If I told you there was a new game available which took strong inspiration from Space Invaders, I suspect your response would be somewhere near the bottom of the excitement scale. And why wouldn’t it? Space Invaders has been around forever, and the number of games which have used the same style of gameplay are far too numerous to mention. So with all that in mind, how can it be that Titan Attacks! is actually very enjoyable and probably worth a few of your hard earned quid?
There are a few things that make Titan Attacks! stand out from your average alien shooter. The biggest deal here is the continuing theme of Curve’s recent games, with this being a three-way cross-play title that you can buy once and enjoy on the PS3, PS4 and Vita. It’s very much a Vita game, but it’s nice to be able to plonk yourself down and have a few games on the bigger screen too. There’s also a well thought out risk and reward system when it comes to upgrades, a system which offers far more depth than is initially apparent.
Each round you play gives you a score and a certain amount of cash to spend. It might be that you can’t afford any upgrades and have to go another round as you were, or it might be the case that you want to top up your shie;d ready for another battle with the invading alien army. The further you go, the more potential you have for earning cash, with a handy multiplier ticking up each time you make it through a round which increases your scoring potential each time. Take a hit at any point and the multiplier is gone, pushing your chances of valuable upgrades onto the scrap heap for another couple of rounds. During all this you’re lost in the haze of bombs heading your way, smiling every time a partly damaged enemy hurtles down the screen with a TIE fighter-esque sound and dipping away from the crowds to shoot an escaping alien who’s trying to parachute to safety.
Even when you get the money to buy something you need to make some tough decisions. Do you top up your shield in the hope of making it further, or save up for a few rounds to buy some more powerful weapons and super-powerful bombs? Without a decent shield you might not make it far enough to even buy them, so it’s a tough decision to make. For what would seem to be a simple clone of an ancient game, this really keeps things interesting and on-edge.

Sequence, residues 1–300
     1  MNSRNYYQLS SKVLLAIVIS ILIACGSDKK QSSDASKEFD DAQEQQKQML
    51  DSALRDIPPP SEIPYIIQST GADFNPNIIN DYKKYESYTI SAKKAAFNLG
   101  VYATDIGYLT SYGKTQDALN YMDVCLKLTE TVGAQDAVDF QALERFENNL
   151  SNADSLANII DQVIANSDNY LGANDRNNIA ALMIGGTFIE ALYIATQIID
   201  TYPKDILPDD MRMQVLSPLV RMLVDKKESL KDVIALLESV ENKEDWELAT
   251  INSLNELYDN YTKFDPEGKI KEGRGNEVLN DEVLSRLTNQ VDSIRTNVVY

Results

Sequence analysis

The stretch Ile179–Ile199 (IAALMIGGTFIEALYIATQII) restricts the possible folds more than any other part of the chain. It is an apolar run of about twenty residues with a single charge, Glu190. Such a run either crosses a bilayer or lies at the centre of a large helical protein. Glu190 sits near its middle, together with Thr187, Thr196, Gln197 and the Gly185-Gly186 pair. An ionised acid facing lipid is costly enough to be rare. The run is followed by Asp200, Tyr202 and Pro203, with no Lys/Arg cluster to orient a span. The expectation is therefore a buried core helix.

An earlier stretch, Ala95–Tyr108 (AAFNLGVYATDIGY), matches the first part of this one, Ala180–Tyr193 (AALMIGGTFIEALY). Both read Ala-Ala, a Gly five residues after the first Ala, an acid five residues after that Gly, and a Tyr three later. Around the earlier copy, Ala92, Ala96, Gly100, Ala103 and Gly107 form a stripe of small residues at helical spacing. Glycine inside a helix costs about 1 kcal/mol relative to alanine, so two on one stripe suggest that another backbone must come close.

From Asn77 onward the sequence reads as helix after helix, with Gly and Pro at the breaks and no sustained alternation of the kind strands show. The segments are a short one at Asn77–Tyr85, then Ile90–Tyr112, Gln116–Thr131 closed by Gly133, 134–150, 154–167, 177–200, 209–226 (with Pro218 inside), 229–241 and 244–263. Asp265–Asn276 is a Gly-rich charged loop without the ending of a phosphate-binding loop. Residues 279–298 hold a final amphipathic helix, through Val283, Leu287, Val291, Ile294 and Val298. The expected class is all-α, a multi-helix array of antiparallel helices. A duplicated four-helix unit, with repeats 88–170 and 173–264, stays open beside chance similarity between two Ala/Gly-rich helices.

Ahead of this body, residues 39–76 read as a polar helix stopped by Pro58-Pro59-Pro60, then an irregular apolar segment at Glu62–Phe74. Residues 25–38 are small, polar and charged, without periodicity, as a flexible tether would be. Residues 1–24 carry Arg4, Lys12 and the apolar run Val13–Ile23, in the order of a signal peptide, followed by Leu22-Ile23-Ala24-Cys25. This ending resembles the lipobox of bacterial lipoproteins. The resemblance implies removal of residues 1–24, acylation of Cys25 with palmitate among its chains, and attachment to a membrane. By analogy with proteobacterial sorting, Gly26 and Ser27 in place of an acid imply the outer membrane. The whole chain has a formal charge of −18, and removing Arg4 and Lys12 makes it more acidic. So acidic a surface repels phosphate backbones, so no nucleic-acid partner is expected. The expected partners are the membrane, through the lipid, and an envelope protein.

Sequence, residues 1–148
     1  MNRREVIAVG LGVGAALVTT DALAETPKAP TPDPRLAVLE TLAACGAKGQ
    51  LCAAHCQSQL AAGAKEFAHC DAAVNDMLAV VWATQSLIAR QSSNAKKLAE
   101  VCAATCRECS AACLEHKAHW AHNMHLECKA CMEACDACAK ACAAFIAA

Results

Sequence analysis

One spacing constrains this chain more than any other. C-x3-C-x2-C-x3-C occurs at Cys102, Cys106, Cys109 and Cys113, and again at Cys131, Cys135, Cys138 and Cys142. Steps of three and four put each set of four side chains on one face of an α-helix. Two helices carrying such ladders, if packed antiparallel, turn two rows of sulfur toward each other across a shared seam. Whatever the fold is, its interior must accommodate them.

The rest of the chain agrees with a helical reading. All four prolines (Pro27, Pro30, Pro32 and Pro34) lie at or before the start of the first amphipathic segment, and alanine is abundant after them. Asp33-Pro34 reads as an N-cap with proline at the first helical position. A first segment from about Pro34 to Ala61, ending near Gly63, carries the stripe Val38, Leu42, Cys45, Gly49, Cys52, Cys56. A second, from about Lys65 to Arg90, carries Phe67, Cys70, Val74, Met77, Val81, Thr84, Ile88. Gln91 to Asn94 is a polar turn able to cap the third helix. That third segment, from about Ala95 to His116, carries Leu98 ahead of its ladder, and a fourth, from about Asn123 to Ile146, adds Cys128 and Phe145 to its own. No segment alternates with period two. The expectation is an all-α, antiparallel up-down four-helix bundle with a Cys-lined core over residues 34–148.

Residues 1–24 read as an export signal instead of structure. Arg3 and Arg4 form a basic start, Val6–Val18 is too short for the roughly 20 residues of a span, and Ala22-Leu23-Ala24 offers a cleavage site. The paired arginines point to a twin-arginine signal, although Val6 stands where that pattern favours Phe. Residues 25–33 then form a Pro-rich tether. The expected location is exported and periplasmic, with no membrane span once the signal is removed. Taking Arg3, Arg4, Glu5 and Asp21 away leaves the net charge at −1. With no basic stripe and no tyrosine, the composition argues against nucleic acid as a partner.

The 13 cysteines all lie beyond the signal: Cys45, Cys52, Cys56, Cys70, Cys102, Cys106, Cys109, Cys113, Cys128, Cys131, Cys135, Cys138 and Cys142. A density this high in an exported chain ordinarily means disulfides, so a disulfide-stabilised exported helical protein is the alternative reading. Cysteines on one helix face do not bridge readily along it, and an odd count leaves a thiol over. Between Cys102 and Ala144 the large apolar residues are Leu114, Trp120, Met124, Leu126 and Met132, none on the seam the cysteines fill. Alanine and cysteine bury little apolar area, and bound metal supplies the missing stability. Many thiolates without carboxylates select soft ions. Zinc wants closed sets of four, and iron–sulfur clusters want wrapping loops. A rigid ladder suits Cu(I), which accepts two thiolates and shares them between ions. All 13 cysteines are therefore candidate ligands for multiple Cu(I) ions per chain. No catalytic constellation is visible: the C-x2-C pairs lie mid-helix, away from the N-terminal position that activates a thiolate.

And then there’s the high score chasing, that extra level of addiction which went away for 20 years and has come back over the past few years to make decent games incredibly addictive works of genius. You’ll play though Titan Attacks! without blinking, your eyes drying up as you refuse to take your eyes off the action for even a fraction of a second. You’ll push the bad guys off Earth, then on to the Moon and further beyond. At some point you’ll probably push your luck a bit too far and the journey will be over; maybe you’ve come off worse in a huge end of planet mothership battle, or maybe you were justs a bit too cocky and tried to swoop between a torrent of bullets without success. But it might not be the end of the road.
When you start a new game you can choose where to start, so if you’ve made it to Mars, you can start your game right there at the start of the Mars section. Nothing unusual about that maybe, but it remembers what you had when you got there, meaning you effectively pick up where you left off. Your score, money and upgrades are still fully in place and you can have another bash at improving your high score without having to do the far more simple earlier levels. Pretty cool.
It’s still a very simple game in terms of the mechanics – your tank flings itself left and right and shoots in a single vertical direction – and in that respect there isn’t much elevating it above the games of 30 or 40 years ago, but that’s the intended charm of this, and while it might put people off who are more interested in modern gaming advances than looking back for inspiration there’s a definite quality here that isn’t immediately apparent. Give yourself a chance to get a few upgrades onto the tank and reach the tougher levels on offer and you’ll realise there’s a far greater challenge than the games this has based itself on. And besides, we wouldn’t want Titan to win, would we? No. Go and pick this up and do your bit for Earth.
Reviewed on PS3/PS4/Vita